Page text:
All that means I have a long-term financial plan and am plugging away at those longer-term objectives. 2017 was a year of sporadic income and job hunting, and has drained all personal savings and put me back in debt to family (I am the luckiest, I know). Being paid like an adult living in SF while still persuading myself that I don’t make that kind of money means I can start saving for bigger Future things.

Remain emotionally vulnerable and available even when it suuuuucks.

After taking some time to heal after the multi-level collapse of 2016, I developed a Dating Plan, which perhaps isn’t terribly surprising to some of you. I executed at full-bore and thereby met lots of lovely new folk.

But the dating Plan didn’t go exactly as expected because the casual thing I had going with one Reed Kennedy escalated. Quickly. We worked backwards from when we should decide if we want to do other Life Things with each other, and set a move-in date in August. Be still my logic-based heart. We now share a home (but not a room), and his mom knows my parents.

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This isn’t the only relationship in my life, of course. I’ve also worked to maintain my relationships with Jenbot, Lily, and Estee; and to deepen my friendships with friends old and new. A big part of being able to do all this was getting my average miles per hour into the single digits for the first time in years. 7! Seven mere miles per hour. That’s 61k miles traveled over the year.

There are other aspects to being emotionally vulnerable and available. To me, showing up was also participating in the airport protests, women’s march, and acting as security at a Berkeley march. Another aspect of vulnerability is this: over the course of 2017 I experienced two bouts of depression, the second of which was bad enough to mean I’m on medication. A++ modern medicine, would ask for help again.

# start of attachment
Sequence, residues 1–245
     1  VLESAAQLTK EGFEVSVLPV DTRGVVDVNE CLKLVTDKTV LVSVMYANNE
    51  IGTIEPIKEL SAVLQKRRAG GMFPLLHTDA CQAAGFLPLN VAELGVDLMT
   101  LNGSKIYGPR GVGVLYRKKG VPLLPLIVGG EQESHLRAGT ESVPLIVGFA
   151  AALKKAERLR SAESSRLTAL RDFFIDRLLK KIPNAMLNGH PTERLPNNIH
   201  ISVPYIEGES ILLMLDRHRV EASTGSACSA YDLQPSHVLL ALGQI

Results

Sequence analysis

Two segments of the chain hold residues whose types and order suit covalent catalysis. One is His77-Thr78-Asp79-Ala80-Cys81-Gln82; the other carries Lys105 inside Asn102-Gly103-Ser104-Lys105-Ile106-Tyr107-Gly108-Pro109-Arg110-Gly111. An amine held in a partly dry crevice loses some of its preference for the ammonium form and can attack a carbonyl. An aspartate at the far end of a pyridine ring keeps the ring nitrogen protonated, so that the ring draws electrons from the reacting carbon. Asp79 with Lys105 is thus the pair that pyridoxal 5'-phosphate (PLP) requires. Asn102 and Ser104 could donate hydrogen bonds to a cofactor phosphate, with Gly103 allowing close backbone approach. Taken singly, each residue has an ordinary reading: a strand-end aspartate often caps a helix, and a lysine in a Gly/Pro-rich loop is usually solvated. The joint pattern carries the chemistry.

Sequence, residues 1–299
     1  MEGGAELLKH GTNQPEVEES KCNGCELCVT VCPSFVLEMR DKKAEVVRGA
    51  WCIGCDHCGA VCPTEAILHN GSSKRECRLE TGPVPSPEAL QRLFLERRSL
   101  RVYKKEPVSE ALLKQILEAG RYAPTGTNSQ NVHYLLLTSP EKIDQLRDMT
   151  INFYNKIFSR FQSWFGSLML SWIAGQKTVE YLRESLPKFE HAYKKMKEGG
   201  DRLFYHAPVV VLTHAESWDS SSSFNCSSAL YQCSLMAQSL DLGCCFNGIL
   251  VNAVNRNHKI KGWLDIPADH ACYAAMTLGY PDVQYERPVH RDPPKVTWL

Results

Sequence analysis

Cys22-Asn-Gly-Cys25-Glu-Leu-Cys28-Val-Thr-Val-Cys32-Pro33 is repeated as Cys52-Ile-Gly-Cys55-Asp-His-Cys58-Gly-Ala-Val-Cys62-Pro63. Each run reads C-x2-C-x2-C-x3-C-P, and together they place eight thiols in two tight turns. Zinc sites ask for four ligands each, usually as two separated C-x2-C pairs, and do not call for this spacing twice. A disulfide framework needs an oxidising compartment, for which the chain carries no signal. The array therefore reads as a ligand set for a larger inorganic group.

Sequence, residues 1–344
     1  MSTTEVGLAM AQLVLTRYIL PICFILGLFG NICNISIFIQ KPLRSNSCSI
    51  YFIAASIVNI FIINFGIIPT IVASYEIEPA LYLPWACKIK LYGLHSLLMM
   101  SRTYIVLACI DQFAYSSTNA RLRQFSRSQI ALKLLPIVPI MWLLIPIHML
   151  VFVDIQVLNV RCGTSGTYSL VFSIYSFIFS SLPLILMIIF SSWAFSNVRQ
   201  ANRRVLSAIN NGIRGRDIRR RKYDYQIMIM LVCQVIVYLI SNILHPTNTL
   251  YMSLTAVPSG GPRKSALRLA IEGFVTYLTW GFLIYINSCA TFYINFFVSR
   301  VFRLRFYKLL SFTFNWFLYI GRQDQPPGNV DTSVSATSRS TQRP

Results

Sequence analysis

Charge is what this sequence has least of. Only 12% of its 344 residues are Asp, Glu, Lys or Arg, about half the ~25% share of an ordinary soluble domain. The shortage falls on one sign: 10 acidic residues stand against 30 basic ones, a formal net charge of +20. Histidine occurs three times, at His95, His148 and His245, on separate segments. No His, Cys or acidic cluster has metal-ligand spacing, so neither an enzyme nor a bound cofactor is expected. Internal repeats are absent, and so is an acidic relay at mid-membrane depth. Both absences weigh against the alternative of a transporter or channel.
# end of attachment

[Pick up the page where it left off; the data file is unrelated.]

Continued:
Find 3+ adventures of any size to go on, and go on them.

I went a little overboard on this one, but I’m really proud of myself for that. In the past, most of my travel has been for work, with rare exceptions. In 2017, I went snowboarding in Colorado, went to Santa Fe to see Meow Wolf, rode to Pinnacles to go rock climbing, hiked Gunsight Pass with my dad in Glacier, and had romantic getaways with two partners (one to Point Reyes, the other to Virginia)!

Where I was yesterday.

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I also managed to Do Things in the Bay Area, including taking a shining to the SF Neo Futurists, playing D&D for a long weekend in Oakland, experiencing an interactive play set during the Prohibition, and seeing Hamilton and the Magnetic Fields.

Adventures aren’t just for experiencing, they’re also for building. Over 2017, I gave a talk at Odd Salon, did some minor support on Radiance, sat on a panel about Apocalyptic Civics at the Personal Democracy Forum, gave a talk on Weaponized Social at SHA (the Dutch hacker camp), contributed to a Cultivate the Karass event, and sat on a panel about disaster response technology at Hackers. Oh, and I ended up in a coordinating leadership role for the 1100-person, 4-day festival Priceless, which I shall continue doing next year as well.

Yours truly, on the last day of #priceless, with “enough” radios.

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Get back into reading a nerdy amount.